IMO, you also have to do 50s.  And, as Allen said for 25s - from a block.  This could be 8 x 25 on 2:00 and that is it for sprinting. The first few times you do 6 x 50 on 2-3 minutes, figure out your breathing pattern for both lengths.  Any breaths on the first length ought to be completed before the flags, so you are not turning your head to breathe as you go into the turn.  Coming off the wall, you want to get at least 2-4 strokes before another breath.  Whatever pattern you figure out, practice it at slow speeds before ramping up to 100%.  Ideally, you want to hold your breathe for the final 7 yards.  Breathing while sprinting needs to be planned including the exhale.

    Figure out if you are a strong underwater dolphin kicker.  Some people are great at it.  Others not so much.  If you are great at it, figure out exactly how many kicks to take before surfacing.  The goal is NOT to stay under as long as possible (not further than 15 meters).  The goal is to carry speed from the start to an optimal point and set you up to be on-stroke into the turn.  If you are terrible at dolphin kicking, but do it because everyone else tells you to - stop listening to them.  Doing dolphin kick in this case will only slow you down.  Time yourself with and without dolphin kicks to develop your unique style.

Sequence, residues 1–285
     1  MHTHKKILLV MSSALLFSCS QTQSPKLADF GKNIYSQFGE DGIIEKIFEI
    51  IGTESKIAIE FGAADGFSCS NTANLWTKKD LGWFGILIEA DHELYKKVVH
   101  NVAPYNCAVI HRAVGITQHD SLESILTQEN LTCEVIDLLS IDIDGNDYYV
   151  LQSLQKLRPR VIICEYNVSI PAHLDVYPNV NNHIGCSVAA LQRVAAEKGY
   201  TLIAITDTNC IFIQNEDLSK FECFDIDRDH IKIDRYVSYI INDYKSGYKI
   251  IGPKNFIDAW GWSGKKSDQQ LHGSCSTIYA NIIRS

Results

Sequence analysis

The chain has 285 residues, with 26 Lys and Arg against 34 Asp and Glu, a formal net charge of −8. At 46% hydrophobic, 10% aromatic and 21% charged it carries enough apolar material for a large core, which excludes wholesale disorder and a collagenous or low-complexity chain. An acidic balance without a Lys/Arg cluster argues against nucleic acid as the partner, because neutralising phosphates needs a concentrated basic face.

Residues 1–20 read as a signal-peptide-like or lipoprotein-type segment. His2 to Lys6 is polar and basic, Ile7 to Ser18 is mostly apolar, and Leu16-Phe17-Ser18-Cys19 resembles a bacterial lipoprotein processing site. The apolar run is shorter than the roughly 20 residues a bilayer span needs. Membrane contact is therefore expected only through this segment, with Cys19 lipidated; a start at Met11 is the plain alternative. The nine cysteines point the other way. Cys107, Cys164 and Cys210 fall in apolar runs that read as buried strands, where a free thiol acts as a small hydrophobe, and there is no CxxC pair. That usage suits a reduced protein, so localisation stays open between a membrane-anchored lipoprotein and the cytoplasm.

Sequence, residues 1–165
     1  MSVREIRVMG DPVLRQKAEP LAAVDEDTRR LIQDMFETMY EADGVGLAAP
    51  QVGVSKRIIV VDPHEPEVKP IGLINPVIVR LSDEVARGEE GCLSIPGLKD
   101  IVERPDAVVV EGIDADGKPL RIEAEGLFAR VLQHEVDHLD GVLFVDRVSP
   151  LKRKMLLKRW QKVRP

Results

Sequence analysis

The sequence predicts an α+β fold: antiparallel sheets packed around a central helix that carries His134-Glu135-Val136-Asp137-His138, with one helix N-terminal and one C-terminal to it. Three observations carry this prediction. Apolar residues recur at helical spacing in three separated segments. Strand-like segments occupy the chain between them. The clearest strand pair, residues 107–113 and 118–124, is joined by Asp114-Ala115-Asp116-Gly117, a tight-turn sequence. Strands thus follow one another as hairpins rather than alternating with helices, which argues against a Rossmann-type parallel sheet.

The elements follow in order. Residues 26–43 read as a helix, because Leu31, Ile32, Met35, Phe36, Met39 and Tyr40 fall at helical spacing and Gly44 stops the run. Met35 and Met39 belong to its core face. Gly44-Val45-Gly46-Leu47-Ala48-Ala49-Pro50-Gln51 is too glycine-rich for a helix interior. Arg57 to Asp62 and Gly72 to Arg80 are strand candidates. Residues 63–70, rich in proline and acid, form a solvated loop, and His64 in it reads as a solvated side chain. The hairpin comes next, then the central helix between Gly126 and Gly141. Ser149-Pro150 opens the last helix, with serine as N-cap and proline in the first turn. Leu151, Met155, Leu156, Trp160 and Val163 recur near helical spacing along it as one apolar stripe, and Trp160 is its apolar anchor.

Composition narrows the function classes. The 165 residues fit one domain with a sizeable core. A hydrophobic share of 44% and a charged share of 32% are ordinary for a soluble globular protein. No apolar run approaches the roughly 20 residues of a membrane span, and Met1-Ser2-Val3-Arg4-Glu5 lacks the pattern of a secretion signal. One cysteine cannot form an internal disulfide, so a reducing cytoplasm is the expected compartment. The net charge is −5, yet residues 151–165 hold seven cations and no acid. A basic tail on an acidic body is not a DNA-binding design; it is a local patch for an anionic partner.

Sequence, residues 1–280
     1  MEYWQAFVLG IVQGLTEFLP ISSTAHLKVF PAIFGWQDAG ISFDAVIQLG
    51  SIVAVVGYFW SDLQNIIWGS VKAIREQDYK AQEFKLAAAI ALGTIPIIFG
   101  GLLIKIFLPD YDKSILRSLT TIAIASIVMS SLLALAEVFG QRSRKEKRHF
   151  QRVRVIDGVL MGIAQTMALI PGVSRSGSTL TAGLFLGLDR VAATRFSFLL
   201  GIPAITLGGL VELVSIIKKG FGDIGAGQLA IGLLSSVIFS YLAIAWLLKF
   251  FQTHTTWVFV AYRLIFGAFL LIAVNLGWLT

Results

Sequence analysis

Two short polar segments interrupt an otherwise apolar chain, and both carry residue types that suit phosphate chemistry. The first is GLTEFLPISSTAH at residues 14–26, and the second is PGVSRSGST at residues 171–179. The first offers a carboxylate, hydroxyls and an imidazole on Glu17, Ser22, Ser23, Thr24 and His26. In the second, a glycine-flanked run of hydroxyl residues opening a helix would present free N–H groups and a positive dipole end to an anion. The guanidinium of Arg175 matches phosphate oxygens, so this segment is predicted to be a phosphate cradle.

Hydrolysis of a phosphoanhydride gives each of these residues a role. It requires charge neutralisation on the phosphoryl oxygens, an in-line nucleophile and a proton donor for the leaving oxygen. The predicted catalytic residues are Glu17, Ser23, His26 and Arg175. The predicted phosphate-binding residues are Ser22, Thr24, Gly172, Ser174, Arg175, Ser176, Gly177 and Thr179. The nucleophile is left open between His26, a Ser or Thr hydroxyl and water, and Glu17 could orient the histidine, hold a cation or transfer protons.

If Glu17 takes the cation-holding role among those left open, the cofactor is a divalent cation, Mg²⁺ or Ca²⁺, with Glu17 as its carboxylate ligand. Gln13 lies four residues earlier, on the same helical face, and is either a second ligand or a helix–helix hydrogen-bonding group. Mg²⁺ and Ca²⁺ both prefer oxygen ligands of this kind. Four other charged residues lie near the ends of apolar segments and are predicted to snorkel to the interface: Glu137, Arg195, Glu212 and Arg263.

In addition to doing 25s off the block, do mid-pool 37s.  Start in the middle of the pool, accelerate into the turn, and practice the second 25 at 100%  including getting your final touch on-stroke.  Nothing worse than a great race ruined by a glide or a short stroke finish.

    As for a workout program, develop a race day warm-up routine that includes warm-up swimming (400-600 yards, build-up swimming such as 4-6 x 50/75 at 75-80%, 8-10 technique 25s).  Do this routine at every practice.  When you get 1-2 weeks before the target meet, you can keep volume up and reduce the amount of high intensity 25s and 50s you are doing.  Without knowing your age, practices/week, daily volume, going into more detail won't be helpful.

    Personally, I do not use training equipment - except a kickboard.  Every lap I swim, I try to emulate my best possible technique and body position while swimming and doing turns.  This means arms and legs and core are always working - no matter how fast or slow I am going.  Paddles and pull buoys change body position, parachutes definitely change body position, fins change body position,  etc.. Most swimmers use equipment as a change of pace or rest their legs instead of for the reasons they are intended.  Maybe use the parachute early season, but only if it does not mess with technique.